High resolution thermal maps. Optomechanical crystals can display highly localized mechanical modes whose eigenfrequencies are sensible to the local environment. A pump and probe technique using two infrared tunable lasers has been implemented to locally heat (pump) and test the local temperature (probe) by quantifying the mechanical eigenfrequencies displacement.
Disordered optomechanical crystals. Our structures are based on unitary cells displaying full-bandgaps both in the optical and in the mechanical dispersion bands. This feature enables the comparison of highly localized modes (optical and mechanical) close to the band edges when geometrical disorder is introduced on the optomechanical cystal (Anderson localization). Enhanced optomechanical coupling rates are expected in comparison with standard optomechanical crystal cavities.
The group is exploring making a contribution to the emerging field topological phononics, as part of topological matter, from an experimental perspective to test the promise of creating robust phonon states to ensure robustness to defects of the energy carried by a phononic model. This is seen as a long-term strategy towards (hybrid) phonon states as information carriers in the limit of information as energy and energy as entropy within the scope of Information and Communication Technologies for the Connected Society. It belongs to one of the new strategic research lines of the ICN2. The long-term scientific question boils down to: Can topological phononic physis and its physical implementation deliver on information transmission by phonons and or hybrid phonon states?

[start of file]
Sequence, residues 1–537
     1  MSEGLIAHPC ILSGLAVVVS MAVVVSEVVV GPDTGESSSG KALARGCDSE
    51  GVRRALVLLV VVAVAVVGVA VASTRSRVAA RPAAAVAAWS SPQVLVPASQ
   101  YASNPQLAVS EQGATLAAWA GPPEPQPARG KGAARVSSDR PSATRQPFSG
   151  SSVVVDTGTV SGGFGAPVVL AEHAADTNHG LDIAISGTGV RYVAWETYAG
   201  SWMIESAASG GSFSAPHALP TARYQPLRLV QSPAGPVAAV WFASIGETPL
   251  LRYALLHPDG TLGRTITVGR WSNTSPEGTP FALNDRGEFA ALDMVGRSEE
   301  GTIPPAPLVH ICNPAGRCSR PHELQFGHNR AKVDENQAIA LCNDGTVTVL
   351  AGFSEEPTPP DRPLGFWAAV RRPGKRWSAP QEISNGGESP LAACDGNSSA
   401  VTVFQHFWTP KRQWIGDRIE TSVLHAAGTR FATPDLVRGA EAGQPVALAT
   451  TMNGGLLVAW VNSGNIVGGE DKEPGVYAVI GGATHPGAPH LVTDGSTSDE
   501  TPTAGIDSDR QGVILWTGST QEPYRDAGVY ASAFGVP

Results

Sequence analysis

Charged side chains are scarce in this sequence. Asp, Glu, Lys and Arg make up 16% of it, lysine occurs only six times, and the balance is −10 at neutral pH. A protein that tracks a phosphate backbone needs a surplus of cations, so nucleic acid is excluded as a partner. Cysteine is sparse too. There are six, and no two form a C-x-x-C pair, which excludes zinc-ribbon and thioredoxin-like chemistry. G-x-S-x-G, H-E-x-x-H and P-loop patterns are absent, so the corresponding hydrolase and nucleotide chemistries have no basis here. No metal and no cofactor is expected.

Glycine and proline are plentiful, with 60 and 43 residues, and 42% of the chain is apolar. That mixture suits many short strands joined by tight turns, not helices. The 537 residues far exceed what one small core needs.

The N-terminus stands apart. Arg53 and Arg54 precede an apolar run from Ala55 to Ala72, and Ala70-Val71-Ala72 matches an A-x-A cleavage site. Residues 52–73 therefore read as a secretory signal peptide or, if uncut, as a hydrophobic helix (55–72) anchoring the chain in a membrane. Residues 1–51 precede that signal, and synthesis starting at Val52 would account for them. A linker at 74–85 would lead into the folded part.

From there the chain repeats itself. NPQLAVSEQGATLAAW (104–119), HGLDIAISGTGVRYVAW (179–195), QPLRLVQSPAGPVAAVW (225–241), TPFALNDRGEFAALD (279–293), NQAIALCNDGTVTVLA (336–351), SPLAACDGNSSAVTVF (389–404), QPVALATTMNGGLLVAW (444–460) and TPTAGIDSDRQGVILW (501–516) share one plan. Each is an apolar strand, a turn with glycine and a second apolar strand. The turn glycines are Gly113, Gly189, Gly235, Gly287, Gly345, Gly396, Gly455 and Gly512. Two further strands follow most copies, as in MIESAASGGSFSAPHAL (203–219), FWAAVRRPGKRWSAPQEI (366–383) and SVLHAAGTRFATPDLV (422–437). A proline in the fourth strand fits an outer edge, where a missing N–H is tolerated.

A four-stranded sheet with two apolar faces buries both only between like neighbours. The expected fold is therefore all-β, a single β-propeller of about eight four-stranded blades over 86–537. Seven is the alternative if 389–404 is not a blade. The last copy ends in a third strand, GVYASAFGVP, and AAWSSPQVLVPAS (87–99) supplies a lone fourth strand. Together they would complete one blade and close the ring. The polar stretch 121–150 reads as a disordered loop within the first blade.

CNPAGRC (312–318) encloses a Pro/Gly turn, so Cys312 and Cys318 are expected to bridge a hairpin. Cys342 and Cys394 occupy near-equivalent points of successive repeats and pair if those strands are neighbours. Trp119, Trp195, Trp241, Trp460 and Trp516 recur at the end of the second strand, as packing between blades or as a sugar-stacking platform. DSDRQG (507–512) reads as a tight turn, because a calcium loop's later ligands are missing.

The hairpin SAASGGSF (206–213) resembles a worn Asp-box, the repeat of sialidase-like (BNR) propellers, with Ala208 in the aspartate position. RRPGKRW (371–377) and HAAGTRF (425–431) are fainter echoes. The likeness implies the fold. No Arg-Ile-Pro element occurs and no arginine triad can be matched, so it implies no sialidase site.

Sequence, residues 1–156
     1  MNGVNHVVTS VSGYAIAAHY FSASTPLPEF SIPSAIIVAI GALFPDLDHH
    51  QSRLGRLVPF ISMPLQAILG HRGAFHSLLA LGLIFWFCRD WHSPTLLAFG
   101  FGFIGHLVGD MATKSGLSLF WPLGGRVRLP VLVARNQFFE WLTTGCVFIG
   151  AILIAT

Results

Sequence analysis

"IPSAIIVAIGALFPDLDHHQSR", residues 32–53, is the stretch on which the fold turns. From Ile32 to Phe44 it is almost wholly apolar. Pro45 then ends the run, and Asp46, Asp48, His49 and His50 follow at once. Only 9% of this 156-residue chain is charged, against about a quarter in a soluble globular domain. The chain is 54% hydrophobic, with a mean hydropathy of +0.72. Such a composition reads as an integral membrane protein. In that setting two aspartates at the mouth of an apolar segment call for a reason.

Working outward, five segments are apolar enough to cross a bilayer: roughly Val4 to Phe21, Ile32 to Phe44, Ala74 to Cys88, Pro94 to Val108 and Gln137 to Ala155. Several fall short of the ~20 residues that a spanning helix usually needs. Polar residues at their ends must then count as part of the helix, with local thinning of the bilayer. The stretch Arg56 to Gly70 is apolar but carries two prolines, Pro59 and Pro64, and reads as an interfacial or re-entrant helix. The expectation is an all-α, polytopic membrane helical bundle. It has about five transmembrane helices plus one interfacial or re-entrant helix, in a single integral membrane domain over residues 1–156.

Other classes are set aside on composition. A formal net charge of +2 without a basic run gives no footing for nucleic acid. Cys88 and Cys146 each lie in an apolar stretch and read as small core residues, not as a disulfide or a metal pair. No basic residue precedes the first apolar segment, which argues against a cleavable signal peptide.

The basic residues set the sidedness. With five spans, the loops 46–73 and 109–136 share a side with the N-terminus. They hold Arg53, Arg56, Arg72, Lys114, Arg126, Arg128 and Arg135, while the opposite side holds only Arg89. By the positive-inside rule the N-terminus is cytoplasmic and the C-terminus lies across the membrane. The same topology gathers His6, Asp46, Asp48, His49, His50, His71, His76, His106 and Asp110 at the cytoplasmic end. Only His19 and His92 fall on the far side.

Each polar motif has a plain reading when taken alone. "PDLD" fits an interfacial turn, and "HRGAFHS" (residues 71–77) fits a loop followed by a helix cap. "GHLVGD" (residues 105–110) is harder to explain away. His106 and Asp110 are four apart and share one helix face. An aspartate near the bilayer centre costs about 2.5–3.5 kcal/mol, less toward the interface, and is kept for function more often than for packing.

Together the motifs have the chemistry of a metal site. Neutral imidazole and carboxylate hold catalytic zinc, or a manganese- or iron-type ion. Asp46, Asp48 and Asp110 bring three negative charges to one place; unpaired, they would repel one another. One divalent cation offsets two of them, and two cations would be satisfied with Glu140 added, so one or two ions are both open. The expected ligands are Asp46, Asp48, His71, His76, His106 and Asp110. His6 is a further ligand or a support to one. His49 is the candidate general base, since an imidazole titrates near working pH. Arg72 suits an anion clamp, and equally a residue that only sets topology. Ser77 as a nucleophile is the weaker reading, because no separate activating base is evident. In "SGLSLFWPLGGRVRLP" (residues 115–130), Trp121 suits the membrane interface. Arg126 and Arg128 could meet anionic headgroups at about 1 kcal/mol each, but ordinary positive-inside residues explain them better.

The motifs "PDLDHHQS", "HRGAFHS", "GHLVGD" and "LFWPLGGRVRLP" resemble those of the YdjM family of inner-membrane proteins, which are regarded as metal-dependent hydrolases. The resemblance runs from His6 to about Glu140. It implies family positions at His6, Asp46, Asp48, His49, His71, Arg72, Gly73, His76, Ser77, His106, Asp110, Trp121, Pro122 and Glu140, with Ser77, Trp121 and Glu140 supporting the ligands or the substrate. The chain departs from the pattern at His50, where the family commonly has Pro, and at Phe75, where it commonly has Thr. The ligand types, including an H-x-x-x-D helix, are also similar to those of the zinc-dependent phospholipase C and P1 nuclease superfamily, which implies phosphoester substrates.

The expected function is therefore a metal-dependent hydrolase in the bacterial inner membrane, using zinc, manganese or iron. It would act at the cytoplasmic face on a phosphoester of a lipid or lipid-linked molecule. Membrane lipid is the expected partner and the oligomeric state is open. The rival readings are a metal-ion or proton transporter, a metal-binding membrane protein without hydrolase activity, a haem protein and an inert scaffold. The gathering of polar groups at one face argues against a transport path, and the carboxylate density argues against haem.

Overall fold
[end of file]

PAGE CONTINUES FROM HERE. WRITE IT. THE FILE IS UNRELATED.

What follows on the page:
P2N group membres have pioneered novel nanofabrication approcahes to deliver hierarchical micro/nano paterns over large areas and at high manufacturing rates. Advanced nano-manufacturing techniques based on imprint technologies have been embloyed to deliver sub-100 nm structures in various materials and substrates (ridgid and flexible). Depending on the targeted application a combination of top down and bottom up techniques are applied to produced components, devices and/or surfaces with the objective to tailor the physical properties of bulk and membrane materials. Substantinal efforts have been placed to increase the TRL level of the demonstrated nanostructured surfaces and components with the target to compile all nanofabrication approaches and materials to industrial scale manufacturing capacities (>TRL7). The P2N group has carried out innovative research in the engineering of surfaces by nanopatterning extending the limits of hydrophobicity control by combining nanoimorint and electroplating technologies using processes developed in-house. This research line has a proven resonance with technology transfer and research with increasing Technology Relevance Levels leading to the group participation in EU H2020 Pilot line project FLEXPOL and the Research international staff exchange D-SPA project focusing on nanofabrication for optical devices based on diamond technologies. This work is intrinsically linked to nanometrology for which we continue to improve our in-house-developed non-invasive and i(o)nline techniques for industrial deployment. The short and medium term engineering questions or technological challenges refer to the understanding of adhesion on patterned substrates for smart surface applications as in anti-microbial ones. Key to our efforts is maintaining the scalability, accompanied by dimensional metrology, of our processes to ease technology transfer.